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COMMUNITY VOICES Winging their way to gayness Scientists in Florida have

discovered that when male white ibises eat too much mercury, they turn gay.

Don’t blame an overbearing ibis mother. Blame the metal. Suspicious that mercury

had led to lower breeding levels among the wading birds, re- searchers fed groups of ibises varying levels of mercury for more than three years. The results shocked the stuffing out of the scientists. The higher the mercury dose,

the more likely a bird was to sing show tunes.

These new Friends of Doro-

thy “pretty much did everything except lay eggs,” said study leader Peter Frederick to The

actual use for ex-gay groups. Ex- gay leaders can take ibises under their wing and lead them back to heterosexuality. The success rate might just be a bit higher than it is with people.

Speaking of people, Frederick

frets that “people will read this and immediately jump to the conclusion that humans eating mercury are going to be gay.” “I want to be very explicit

that this study has nothing to say about that,” he stressed. Doubtless some parents have nonetheless purged their larder of tuna fish, tossed the ther- mometer, and made a date at the dentist’s to convert all of Junior’s mercury fillings. And if they hadn’t already

banned from the house the music of Freddie Mercury (see page 16), they have now. Frederick also said that what’s

true for ibises isn’t necessar- ily true for other species, even other bird species. So jump to no conclusions about a couple of male green herons that adore each other’s company. Make no assumptions about the two rose- ate spoonbills with a passion for pomegranate martinis. The turtles that hide during

Birds of a feather will flock together—especially white male ibises with mercury poisoning.

Miami Herald. “They built nests, they copulated, they sat in the nests together.”

They went to a lesbian flamingo therapist when no egg appeared.

Male ibises with any mer-

cury intake were more reticent to perform ritual courtship displays, causing numbers of female ibises to cry together over Cosmopolitans. In the high-mercury birds,

reproduction plunged 35 percent. Complaints from wannabe grand- parents soared 65 percent. The mercury levels in the experiment mirrored those found in the birds’ natural wetland habi- tats. Frederick, a wildlife ecolo- gist at the University of Florida, told “the implication is that this is probably happening in wild bird populations.” Which means the wilderness is getting wilder. Not a good thing, in this case.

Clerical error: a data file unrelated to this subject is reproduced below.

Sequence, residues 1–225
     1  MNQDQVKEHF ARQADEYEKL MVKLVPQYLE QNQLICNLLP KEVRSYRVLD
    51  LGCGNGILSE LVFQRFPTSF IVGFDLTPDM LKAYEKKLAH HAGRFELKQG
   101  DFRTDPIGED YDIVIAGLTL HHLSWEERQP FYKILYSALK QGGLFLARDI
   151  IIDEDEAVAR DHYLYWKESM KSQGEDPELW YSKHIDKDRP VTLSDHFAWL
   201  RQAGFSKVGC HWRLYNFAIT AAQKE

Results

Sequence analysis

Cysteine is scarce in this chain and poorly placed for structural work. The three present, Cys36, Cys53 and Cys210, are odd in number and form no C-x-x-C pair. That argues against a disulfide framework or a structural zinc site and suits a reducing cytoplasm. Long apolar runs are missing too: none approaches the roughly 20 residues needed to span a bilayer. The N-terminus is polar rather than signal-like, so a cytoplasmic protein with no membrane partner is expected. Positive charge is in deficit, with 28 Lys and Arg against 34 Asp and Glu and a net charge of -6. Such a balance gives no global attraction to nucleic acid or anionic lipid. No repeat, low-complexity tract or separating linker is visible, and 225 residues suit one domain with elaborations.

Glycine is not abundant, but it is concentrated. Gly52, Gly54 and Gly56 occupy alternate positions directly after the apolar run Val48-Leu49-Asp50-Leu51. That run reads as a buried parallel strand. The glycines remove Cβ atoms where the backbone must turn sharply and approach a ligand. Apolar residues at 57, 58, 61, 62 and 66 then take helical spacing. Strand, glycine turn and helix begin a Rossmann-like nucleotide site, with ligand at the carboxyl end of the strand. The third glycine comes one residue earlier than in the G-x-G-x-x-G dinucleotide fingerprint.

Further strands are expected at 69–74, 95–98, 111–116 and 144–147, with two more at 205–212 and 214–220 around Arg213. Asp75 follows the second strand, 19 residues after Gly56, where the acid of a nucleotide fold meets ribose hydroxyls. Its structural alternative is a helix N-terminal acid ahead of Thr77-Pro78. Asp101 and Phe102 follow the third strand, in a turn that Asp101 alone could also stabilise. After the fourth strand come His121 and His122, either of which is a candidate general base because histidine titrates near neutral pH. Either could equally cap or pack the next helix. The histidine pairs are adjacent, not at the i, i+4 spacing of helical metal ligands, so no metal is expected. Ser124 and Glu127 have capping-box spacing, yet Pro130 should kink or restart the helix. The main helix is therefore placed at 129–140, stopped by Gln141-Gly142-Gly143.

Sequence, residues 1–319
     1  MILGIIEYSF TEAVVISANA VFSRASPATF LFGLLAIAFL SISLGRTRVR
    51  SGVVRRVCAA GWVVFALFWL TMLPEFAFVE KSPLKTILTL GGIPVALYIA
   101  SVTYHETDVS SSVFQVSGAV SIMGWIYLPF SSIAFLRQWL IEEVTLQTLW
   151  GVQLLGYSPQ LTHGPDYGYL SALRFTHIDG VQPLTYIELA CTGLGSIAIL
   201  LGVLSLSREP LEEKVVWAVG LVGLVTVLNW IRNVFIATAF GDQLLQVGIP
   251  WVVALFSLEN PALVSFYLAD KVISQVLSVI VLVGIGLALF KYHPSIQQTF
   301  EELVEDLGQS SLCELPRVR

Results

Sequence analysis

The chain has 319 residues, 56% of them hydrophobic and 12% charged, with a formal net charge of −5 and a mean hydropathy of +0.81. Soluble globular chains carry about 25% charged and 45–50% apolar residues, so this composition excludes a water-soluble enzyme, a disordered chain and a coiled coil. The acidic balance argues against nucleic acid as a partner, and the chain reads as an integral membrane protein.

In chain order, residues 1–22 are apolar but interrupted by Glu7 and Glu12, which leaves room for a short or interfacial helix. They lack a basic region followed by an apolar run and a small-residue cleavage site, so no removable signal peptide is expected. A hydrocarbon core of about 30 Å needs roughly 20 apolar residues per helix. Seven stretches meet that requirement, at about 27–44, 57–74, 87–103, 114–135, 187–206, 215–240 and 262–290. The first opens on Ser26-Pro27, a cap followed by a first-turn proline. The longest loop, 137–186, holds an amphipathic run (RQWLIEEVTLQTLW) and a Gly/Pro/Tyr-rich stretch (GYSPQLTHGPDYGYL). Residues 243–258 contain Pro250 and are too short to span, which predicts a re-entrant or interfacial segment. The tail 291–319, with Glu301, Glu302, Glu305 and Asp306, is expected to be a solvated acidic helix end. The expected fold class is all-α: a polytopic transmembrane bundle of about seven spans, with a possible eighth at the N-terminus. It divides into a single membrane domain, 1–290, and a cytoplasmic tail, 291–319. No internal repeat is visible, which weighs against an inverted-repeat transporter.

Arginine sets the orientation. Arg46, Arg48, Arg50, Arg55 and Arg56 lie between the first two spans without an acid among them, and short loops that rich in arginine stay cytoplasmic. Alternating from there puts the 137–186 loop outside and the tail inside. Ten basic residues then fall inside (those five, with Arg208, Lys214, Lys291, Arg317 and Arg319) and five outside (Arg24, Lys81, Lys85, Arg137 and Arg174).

These beautiful, long-billed birds are being poisoned into gayness. In wild populations of ibis with no mercury exposure, same-sex pairings don’t occur. Well, it probably happens

once in a while, when the tequila is plentiful and the birds are bi- curious, but not as a rule. We should go with what

nature intended. Let’s keep the ibises straight and the people gay! In south Florida, mercury leeched into the Everglades for years, mainly from the burning of municipal and medical waste. Frederick said, “Most mercury sources are local rather than global—local enough that we can do something about it, such as installing scrubbers on smoke stacks. Ecosystems respond very quickly to regulatory action when it comes to mercury.” But how will the birds re-

spond? If their diet is cleaned up, will they revert to being straight? If they need a little help, then by George, we might’ve found an

mating season are simply shy. And the alligators that agree they’d make lovely boots are merely metrosexual. I visited south Florida this


past year, and I watched ibises. I admit to my shame that I didn’t notice any gay goings-on. This is probably because I can’t tell males from females. I needed obvious indicators of homosexuality. Now, had two canoodling birds sported Prada shoes, I would’ve caught on.♚

—Leslie Robinson should learn to tell male from female. E-mail her at, and check out her blog at general-


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December. Expires: 12/31/10


Remember when Jesus spared a prostitute from being stoned? In August, we were filled

with the joy of learning we could marry our same-sex partners, only to be denied that right until further notice. The LGBT com- munity united and braced for a long legal battle. A month later, a rash of sui-

cides across our nation remind- ed us of the pain bullying inflicts, and where current policies and

December 17-30, 2010 GAY SAN DIEGO


legislation fail to protect our youth. An LGBT community out- raged at the societal implications of these deaths responded with thousands of YouTube videos of- fering hope and encouragement that “It Gets Better.” Now, we find ourselves suf-

fering another blow. It appears Congress chose to stay silent on another repeal of “don’t ask, don’t tell.” Another waiting game. Yet some of our legislators are scrambling to present an Obama- backed standalone DADT repeal bill before they leave D.C. for the

see Solace, pg 21

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